If you are declining enrollment for yourself or your dependents (including your spouse) because of other health insurance or group health plan coverage, you may be able to enroll yourself and your dependents in this plan if you or your dependents lose eligibility for that other coverage (or if the employer stops contributing towards you or your dependents’ other coverage). However, you must request enrollment within 30 days after you or your dependents’ other coverage ends (or after the employer stops contributing toward the other coverage).
If your agency is covered by the Fair Labor Standards Act, it should provide a written notice to its employees about the Health Insurance Marketplace. The notice should inform employees:
- About the Health Insurance Marketplace;
- That, depending on their income and what coverage may be offered by the employer, they may be able to get lower cost private insurance in the Marketplace; and
- That if they buy insurance through the Marketplace, they may lose the employer contribution (if any) to their health benefits
Mental Health Parity and Addiction Equity Act is a federal law amended in 2008 by the Patient Protection and Affordable Care Act. It requires most health insurance providers to cover mental health and substance use disorder benefits the same way they cover physical health benefits.
The Uniformed Services Employment and Reemployment Rights Act requires that a person reemployed under its provisions be given credit for any months and hours of service he or she would have been employed but for the USERRA-covered service in determining eligibility for Family and Medical Leave Act (FMLA) leave.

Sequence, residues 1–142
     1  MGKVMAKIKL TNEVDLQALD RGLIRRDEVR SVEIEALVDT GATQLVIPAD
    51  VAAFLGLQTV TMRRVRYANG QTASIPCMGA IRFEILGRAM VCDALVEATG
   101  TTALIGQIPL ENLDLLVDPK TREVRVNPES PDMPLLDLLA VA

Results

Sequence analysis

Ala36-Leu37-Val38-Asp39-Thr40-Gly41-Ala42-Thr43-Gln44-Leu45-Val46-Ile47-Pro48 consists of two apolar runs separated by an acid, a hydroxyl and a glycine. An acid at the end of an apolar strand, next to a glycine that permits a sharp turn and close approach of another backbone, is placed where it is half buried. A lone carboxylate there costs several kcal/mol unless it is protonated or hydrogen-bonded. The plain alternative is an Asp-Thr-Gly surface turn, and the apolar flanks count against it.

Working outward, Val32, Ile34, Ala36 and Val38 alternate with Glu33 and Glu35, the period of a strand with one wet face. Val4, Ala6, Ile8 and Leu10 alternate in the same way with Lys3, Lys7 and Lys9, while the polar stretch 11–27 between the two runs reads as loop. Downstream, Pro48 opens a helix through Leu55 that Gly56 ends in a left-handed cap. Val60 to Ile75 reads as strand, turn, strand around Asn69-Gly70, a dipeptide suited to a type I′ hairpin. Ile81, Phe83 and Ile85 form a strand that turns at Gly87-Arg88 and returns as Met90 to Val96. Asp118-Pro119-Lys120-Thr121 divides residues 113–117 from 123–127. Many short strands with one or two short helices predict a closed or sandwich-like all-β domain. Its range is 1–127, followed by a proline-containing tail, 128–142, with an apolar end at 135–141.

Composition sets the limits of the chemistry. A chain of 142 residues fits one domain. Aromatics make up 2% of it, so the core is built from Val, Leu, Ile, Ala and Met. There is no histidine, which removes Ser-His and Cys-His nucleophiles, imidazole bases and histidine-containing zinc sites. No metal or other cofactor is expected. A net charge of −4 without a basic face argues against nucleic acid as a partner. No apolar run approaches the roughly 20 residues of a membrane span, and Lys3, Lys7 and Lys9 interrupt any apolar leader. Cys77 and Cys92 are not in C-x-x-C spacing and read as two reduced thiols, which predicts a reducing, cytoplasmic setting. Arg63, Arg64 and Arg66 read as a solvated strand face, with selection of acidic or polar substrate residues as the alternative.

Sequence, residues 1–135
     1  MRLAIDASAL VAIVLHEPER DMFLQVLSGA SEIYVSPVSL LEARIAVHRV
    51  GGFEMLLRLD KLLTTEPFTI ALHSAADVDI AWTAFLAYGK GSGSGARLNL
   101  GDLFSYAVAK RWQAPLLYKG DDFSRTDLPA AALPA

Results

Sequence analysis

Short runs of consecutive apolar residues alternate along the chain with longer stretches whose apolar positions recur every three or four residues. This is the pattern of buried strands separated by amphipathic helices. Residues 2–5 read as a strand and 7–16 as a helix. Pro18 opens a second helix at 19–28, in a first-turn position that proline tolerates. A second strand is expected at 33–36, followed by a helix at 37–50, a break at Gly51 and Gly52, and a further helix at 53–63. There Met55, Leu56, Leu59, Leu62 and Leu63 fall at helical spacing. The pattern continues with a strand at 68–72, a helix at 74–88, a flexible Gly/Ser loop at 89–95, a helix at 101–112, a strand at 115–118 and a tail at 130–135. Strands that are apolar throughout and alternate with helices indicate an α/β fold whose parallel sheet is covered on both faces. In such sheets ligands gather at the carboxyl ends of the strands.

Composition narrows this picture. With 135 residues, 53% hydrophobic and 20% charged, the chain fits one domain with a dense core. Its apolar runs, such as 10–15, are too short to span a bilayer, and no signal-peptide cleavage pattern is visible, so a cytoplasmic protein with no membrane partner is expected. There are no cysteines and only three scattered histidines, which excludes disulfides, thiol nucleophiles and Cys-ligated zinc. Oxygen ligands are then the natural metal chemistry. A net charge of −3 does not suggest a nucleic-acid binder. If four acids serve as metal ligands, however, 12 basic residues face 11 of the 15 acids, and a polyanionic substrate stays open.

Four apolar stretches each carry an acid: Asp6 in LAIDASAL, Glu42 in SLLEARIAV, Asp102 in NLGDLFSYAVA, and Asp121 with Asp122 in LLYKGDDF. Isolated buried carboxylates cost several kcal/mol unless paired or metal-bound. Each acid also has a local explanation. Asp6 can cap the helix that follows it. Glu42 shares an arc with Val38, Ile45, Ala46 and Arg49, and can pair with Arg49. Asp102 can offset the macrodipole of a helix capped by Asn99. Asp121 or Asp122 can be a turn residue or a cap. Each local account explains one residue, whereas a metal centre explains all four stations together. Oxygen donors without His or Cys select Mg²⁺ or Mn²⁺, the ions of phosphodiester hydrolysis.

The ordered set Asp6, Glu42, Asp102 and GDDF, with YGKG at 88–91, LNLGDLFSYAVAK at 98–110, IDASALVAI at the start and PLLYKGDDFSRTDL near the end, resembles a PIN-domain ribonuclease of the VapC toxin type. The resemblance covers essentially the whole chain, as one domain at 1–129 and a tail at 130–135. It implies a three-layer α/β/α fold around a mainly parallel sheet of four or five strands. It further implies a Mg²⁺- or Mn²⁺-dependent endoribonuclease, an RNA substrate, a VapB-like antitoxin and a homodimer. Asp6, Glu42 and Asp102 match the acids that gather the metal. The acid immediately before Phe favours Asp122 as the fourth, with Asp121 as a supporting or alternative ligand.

An insurance company that offers health coverage to opposite-sex spouses must do the same for same-sex spouses. As long as a couple is married in a jurisdiction with legal authority to authorize the marriage, an insurance company can’t discriminate against them when offering coverage. This means that it must offer to same-sex spouses the same coverage it offers to opposite-sex spouses. This is true regardless of the state where the couple lives; the insurance company is located; and where the plan is sold, renewed or in effect.
These IRS-prescribed tests determine if employer-provided benefit plans disproportionately favor highly compensated employees (HCEs) over non-highly compensated employees (NHCEs). This is to ensure all employees have equal access to their company’s plans, thus supporting increased financial equality in the workplace.
Plans that must be tested include:
- section 125 cafeteria plans (all pre-tax benefits);
- self-insured health plans;
- flexible spending accounts (FSA);
- group term life insurance;
- self-insured health reimbursement arrangements (HRA); and
- health savings accounts (HSA).
There are 9 different types of nondiscrimination tests; which ones apply to an employer’s plans will depend on the structure of the arrangement and which benefits are available.
The Employee Retirement Income Security Act of 1974 (ERISA) is a federal law that sets minimum standards for most voluntarily established retirement and health plans in private industry to provide protection for individuals in these plans.
ERISA requires that you provide several types of documents to the Department of Labor (DOL) and plan participants. Noncompliance can result in fines, so make sure you're providing the right documents at the right times.